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The purpose of discipline is to encourage rather than forcing children to do what is right….

  1. Establish firm and clear rules

Rules should tell children what to do rather than what not to do.

Do you know that even us, adults, DO NOT ‘recognise’ the word “don’t“?

Try this experiment…

Find anyone whom you consider an adult. Let the person sit down, close his/her eyes. Now you tell the person, “Don’t think.. never think… must not think… cannot think…DO NOT even try to imagine……………………a Tiger.”

Guess what pops right out of the person’s mind? A tiger! Somehow, human brains focus on the subject, the topic, the action….

So when you tell your child …. “Don’t run!”, he/she hears “run!”

Try to say … “Stop! Walk.”

And when you tell your child…. “Don’t hit your brother!”, he/she hears “hit your brother!”

Try to say….”Stop, put your hands down. Ask your brother for the toy.”

This has been working for me for as long as I remember…just avoid “Don’t, never, can’t, mustn’t”. Give the direction to do what is right, not instruct to not do what is wrong.

When you tell the child, “Stop!” doing what is inappropriate, you need to “replace” the inappropriate action with the correct behaviour.

Don’t just say…”switch off the Television, right now!” without giving another action to replace this.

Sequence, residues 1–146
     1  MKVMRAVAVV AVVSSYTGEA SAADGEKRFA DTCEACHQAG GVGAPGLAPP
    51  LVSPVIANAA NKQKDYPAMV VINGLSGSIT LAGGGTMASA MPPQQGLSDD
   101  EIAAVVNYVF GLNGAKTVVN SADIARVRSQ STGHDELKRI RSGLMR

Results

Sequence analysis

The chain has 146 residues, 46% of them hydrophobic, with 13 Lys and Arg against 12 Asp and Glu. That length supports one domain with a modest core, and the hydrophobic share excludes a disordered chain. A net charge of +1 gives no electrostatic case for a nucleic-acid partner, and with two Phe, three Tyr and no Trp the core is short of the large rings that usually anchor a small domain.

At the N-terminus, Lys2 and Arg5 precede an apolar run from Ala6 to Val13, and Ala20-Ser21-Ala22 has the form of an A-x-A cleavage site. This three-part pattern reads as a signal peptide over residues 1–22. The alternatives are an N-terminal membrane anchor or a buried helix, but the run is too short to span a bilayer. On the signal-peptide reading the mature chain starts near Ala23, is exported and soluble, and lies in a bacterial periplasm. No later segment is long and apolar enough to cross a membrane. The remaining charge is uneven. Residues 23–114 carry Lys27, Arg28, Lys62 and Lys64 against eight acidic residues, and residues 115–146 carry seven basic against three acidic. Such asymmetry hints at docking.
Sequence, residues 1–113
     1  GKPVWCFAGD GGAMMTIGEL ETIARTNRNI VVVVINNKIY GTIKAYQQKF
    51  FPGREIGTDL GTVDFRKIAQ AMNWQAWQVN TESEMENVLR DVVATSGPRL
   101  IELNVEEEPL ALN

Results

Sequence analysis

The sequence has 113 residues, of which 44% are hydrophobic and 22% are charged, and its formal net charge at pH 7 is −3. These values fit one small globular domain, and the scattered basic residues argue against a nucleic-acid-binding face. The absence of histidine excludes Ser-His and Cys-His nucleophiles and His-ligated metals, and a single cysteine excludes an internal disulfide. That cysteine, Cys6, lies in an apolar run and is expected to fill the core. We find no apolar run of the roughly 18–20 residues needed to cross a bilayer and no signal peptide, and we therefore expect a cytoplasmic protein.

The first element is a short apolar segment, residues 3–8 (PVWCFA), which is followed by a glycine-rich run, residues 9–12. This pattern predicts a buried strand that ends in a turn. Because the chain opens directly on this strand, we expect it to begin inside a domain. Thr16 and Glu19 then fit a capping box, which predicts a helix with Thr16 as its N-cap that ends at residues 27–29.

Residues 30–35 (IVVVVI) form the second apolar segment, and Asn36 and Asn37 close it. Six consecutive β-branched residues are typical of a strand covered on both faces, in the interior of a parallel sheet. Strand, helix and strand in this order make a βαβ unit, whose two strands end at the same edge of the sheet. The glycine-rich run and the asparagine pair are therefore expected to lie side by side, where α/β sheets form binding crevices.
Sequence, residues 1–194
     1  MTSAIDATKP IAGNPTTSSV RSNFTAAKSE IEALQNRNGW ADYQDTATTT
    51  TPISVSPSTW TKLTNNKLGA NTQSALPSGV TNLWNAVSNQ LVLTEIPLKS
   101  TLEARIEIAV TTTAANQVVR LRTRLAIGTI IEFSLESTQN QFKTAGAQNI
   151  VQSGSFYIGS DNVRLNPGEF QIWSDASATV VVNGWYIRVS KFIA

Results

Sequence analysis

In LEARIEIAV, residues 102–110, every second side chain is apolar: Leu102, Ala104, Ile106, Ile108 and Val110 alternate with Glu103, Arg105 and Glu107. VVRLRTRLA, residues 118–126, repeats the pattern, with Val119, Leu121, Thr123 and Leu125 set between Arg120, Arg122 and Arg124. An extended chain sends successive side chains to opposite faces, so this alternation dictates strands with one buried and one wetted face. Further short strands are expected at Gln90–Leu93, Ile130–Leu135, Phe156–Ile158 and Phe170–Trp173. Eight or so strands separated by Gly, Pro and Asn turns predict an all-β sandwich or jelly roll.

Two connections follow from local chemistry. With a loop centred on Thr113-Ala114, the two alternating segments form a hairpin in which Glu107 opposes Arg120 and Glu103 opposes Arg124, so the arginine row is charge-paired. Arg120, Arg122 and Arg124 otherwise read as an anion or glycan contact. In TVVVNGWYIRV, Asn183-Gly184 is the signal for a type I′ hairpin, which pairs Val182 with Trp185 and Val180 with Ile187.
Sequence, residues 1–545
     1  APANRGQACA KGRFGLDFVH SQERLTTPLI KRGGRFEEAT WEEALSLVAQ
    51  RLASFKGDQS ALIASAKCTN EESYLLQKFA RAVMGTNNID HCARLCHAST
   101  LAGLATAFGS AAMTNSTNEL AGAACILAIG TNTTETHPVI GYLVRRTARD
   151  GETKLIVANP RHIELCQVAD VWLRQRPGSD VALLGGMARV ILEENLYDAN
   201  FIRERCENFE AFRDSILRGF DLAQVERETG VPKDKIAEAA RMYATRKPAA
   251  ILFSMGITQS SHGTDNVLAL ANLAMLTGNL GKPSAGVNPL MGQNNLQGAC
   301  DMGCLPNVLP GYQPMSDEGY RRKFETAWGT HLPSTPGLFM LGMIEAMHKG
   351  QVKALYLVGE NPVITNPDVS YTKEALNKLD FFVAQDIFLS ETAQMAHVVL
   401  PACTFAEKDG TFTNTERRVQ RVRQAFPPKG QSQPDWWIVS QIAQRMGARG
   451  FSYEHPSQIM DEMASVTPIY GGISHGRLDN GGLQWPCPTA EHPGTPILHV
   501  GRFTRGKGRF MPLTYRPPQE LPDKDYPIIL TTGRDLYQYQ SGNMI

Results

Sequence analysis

Try to say…”Switch off the Television, right now, let go to the kitchen, I need your help to get dinner ready”

In this way, the child knows what to stop doing and what to do next. He needs direction, especially for kids below 5 years old, in order to give you his cooperation.

Children need limits to their behaviour to learn what is expected of them and how they should act.

They may be unhappy and confused if they do not understand what is expected of them or when they see the rules as being unfair.

Rules should be fair, easy to understand and be backed up with consequences if they are broken.

Disciplining gets easy as the child gets older. He is more aware of the consequences of any misbehaviour if you have been consistent in your responses to his undelightful action.

This means being predictable so children will know what to expect when they behave in certain ways. It is of little use to laugh at their behaviour one day and then discipline them for the same behaviour several days later.

Confusion leads to incooperation, hence leads to frustration. So stick to the rules which you and your spouse have agreed on. It may be a little hearbreaking to see the cute little eyes turned red, but its a long term prevention for future more serious misbehaviour.

Remember, disciplinary measures need not be violent or physical when you understand why your child misbehave.

Report taken from World Health Organisation

Report taken from World Health Organisation

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